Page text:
1. Agreed. I’m not saying at all people will just stop using experts. Nowhere do I say that. I’m saying that if you currently serve this market, it will be more challenging to get that business because your clients will have more confidence doing jobs themselves. As far as Starbucks, they’re a good example of what I’m talking about. I don’t think people go to Starbucks because they’re expert at making coffee. Far from it. People go to Starbucks b/c of the experience. So, despite the fact that you pay $4 for an above average cup of coffee, you go. That’s a great lesson for us. What kind of experience can we provide that will yield clients coming to us, even if our work happens to be “just okay.”

  3. Ron,
    I think you may be right about the small businesses. I might suggest taking that one step farther. I have been shooting and editing news for a huge broadcasting company for many years now. We are using Adobe CS5 and it has worked pretty well. We currently have nine edit bays with six more planned. To pay for all this new hardware my company, as many have done, are slashing overtime and personnel hiring. What to do? I went out bought a new iMac, Sony NX5U camera and just installed FCPX. The purpose…wait for it…shoot economical videos for local businesses websites. I think the notion that this new software being aimed more at a consumer group is a bit premature.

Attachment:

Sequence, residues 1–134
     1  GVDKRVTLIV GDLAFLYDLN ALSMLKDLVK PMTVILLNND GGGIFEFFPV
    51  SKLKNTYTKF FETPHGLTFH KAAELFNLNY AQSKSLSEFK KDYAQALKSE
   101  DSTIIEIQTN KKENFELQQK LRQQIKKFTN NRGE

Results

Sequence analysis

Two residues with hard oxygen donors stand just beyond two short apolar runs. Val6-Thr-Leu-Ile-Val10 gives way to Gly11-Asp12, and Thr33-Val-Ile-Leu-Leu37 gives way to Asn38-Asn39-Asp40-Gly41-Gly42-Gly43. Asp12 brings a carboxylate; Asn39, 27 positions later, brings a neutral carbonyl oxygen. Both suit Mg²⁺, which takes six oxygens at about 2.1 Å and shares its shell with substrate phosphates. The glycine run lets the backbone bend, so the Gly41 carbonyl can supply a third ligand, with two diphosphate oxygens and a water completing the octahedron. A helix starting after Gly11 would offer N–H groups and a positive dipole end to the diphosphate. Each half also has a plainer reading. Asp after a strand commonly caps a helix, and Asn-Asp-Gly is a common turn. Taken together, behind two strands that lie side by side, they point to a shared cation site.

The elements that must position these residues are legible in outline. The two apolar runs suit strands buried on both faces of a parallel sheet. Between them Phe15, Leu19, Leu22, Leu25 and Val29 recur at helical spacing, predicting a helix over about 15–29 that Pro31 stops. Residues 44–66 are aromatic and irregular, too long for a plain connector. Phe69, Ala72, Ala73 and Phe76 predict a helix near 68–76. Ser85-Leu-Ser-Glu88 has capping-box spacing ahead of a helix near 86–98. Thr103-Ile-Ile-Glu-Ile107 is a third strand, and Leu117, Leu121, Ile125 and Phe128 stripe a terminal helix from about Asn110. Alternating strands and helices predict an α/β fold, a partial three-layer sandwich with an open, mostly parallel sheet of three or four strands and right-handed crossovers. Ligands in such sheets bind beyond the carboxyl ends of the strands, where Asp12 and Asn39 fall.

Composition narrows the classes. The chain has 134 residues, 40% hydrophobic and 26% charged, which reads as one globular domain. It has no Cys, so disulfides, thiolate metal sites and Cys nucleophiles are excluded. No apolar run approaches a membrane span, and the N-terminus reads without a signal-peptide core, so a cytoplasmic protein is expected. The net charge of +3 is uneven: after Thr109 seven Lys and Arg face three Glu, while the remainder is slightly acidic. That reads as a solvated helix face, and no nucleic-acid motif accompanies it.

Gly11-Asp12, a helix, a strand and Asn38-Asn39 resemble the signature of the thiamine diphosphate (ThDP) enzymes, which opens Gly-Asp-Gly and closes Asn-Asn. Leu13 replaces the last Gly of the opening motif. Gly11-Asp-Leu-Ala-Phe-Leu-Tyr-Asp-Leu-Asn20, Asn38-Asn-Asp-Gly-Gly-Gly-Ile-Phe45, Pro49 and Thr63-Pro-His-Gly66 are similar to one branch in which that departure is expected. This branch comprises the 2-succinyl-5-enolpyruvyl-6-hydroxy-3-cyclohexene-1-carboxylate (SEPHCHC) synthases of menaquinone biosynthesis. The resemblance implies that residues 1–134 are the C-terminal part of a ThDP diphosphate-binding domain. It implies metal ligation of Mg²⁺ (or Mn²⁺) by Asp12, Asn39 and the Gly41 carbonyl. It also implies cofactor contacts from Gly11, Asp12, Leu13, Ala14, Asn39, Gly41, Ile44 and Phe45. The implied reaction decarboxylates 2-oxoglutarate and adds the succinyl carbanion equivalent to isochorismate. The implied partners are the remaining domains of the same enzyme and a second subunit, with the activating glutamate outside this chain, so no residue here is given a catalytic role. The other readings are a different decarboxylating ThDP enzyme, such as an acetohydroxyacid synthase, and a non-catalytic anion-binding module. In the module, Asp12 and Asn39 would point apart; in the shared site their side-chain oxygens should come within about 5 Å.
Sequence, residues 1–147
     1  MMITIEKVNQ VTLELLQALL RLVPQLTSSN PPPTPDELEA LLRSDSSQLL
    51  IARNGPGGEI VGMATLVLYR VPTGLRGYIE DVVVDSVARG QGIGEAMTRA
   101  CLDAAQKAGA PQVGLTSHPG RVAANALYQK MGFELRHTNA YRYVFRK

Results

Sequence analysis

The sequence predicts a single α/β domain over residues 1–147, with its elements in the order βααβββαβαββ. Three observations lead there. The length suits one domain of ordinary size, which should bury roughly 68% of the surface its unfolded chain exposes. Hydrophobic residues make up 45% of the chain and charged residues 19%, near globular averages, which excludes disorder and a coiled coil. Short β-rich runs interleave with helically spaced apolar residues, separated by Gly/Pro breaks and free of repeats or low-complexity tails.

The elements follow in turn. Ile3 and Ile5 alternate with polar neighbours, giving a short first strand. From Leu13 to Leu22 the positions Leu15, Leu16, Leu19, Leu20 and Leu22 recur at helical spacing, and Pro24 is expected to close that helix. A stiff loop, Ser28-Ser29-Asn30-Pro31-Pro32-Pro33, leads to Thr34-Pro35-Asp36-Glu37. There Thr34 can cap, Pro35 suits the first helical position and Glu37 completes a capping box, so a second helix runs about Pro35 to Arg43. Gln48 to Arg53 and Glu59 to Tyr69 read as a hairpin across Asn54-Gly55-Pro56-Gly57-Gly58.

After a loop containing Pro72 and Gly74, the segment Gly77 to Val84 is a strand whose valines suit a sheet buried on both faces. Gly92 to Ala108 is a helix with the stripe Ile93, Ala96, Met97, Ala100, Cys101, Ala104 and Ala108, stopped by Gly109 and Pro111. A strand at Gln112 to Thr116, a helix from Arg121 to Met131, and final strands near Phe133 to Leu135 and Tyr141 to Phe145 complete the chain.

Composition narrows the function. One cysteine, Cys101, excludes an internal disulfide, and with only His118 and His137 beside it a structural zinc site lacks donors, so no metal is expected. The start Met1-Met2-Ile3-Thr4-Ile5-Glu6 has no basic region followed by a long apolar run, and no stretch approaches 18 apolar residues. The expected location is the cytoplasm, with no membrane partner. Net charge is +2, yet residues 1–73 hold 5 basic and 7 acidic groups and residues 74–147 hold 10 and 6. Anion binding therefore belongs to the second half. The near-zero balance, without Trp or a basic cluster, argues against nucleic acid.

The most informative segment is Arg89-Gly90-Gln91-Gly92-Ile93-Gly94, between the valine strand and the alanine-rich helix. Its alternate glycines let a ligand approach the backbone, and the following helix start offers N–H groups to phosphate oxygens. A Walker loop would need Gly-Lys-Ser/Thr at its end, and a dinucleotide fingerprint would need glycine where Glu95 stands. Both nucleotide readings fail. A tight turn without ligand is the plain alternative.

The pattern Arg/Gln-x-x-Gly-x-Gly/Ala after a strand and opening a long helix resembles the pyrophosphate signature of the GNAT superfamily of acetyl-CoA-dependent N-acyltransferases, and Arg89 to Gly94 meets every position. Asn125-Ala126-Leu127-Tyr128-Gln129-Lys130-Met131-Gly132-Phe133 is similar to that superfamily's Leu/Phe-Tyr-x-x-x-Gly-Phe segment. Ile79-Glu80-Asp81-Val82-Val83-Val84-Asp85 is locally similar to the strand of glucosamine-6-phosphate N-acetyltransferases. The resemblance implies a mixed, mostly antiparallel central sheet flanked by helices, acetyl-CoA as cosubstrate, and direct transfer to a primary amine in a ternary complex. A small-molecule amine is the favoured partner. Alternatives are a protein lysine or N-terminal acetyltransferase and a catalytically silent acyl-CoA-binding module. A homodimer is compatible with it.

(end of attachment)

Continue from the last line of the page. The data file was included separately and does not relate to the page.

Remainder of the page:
Bob Palmer